Research has turned up all sorts of insights into how sleep affects our bodies, and now a new study has a little more to add: an afternoon nap might boost mood, memory, and other cognitive functions, but is also associated with higher glucose levels.
The new research looked specifically at adolescent students – a group that's known for its erratic sleep patterns. A total of 59 students aged 15-19 were restricted to 6.5 hours sleep every 24 hours, with half banking that in one continuous go at night, and half introducing a 90 minute nap on top of 5 hours of overnight sleep.
Based on tests carried out during the day, the afternoon nappers scored higher in several areas you would associate with better health: feeling more positive, feeling less sleepy, and doing better at various memory and cognitive tasks.
"Interestingly, under conditions of sleep restriction, students in the split sleep group exhibited better alertness, vigilance, working memory and mood than their counterparts who slept 6.5 hours continuously," says one of the researchers, neuroscientist Michael Chee from the Duke-NUS Medical School in Singapore.
"This finding is remarkable as the measured total sleep duration over 24 hours was actually less in the former group."
Before you start planning a similar 6.5-hour sleep schedule for yourself, split into two shifts, note this – based on an earlier 2016 study, the researchers found performance and mood was worse overall compared with people banking 9 hours of shut-eye each night.
And as we mentioned earlier, blood glucose levels were higher in the group who slept in shifts – that's one risk factor for type 2 diabetes. There was no major difference in blood glucose levels between the group that slept continuously for 6.5 hours and the group from the 2016 study that banked 9 hours of sleep a night.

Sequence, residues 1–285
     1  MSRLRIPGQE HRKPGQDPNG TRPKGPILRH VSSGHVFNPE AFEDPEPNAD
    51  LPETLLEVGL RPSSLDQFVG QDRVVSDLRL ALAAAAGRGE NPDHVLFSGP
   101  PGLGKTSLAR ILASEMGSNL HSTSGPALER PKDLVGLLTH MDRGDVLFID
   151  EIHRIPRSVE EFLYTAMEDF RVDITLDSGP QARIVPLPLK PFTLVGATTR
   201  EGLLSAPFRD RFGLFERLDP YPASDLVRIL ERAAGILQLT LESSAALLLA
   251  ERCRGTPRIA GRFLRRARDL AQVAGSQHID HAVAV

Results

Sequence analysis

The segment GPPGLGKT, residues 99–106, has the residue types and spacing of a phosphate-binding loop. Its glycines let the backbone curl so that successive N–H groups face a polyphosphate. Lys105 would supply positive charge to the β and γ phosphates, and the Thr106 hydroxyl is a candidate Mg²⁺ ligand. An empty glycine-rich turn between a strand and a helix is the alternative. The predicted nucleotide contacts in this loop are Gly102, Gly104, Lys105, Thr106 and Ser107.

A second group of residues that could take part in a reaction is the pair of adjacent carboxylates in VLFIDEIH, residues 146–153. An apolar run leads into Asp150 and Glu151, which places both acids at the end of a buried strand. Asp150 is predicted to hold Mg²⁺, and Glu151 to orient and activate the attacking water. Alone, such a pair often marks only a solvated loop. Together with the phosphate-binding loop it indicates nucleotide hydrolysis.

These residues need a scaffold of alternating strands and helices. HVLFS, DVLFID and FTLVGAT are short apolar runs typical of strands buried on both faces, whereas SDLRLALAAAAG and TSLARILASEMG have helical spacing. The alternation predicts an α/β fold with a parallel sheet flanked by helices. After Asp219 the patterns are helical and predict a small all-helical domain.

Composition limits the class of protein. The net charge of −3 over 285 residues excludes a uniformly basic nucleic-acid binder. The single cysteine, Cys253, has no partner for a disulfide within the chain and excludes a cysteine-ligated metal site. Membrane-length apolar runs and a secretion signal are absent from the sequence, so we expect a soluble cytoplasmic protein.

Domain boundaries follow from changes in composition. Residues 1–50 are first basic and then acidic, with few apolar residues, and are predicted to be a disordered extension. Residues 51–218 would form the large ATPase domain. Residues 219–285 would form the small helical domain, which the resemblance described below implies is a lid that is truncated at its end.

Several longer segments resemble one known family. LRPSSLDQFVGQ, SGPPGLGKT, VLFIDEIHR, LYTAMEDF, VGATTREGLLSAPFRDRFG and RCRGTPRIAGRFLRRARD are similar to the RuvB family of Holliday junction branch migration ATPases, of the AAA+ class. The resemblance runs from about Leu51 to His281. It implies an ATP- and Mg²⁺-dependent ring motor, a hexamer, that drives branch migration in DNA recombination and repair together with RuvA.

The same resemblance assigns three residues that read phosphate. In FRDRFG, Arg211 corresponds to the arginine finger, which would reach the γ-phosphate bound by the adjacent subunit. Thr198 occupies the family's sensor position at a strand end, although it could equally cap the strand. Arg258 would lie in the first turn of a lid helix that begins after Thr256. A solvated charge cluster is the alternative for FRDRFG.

That's an important distinction, because while some previous research has suggested a regular nap time might be beneficial on top of overnight sleep, few studies have looked at the metabolic as well as the cognitive impact.
This metabolic response was a particular focus for the researchers behind the new study, given that we already know there's likely to be an association between a lack of sleep and the risk of developing diabetes.
While we're talking about a small and limited sample here, it's possible that napping drives glucose levels higher than they would be if all our sleep was banked at night, even if mood and cognitive performance gets a boost.
Ultimately though, the study concludes that getting an inadequate amount of sleep every 24 hours isn't good for you, however you split it – especially for adolescent brains that are still developing. For this age group at least, an average of 9 hours of slumber a night is best.
"They are best advised to obtain the recommended amount of nocturnal sleep," conclude the researchers.
The research has been published in Sleep.